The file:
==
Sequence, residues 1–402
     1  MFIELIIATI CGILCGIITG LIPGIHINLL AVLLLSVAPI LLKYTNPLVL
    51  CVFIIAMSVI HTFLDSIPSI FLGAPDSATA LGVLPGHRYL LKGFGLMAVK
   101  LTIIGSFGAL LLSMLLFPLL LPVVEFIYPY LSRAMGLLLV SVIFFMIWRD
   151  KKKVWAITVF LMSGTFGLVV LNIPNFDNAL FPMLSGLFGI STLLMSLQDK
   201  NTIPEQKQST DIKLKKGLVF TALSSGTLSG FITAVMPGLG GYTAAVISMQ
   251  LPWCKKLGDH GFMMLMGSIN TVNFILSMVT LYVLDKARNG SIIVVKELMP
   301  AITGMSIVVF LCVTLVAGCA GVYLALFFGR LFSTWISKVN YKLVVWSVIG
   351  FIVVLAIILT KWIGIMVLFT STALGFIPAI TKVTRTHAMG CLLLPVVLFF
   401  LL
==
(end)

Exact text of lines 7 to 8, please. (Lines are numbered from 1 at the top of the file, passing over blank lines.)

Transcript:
   251  LPWCKKLGDH GFMMLMGSIN TVNFILSMVT LYVLDKARNG SIIVVKELMP
   301  AITGMSIVVF LCVTLVAGCA GVYLALFFGR LFSTWISKVN YKLVVWSVIG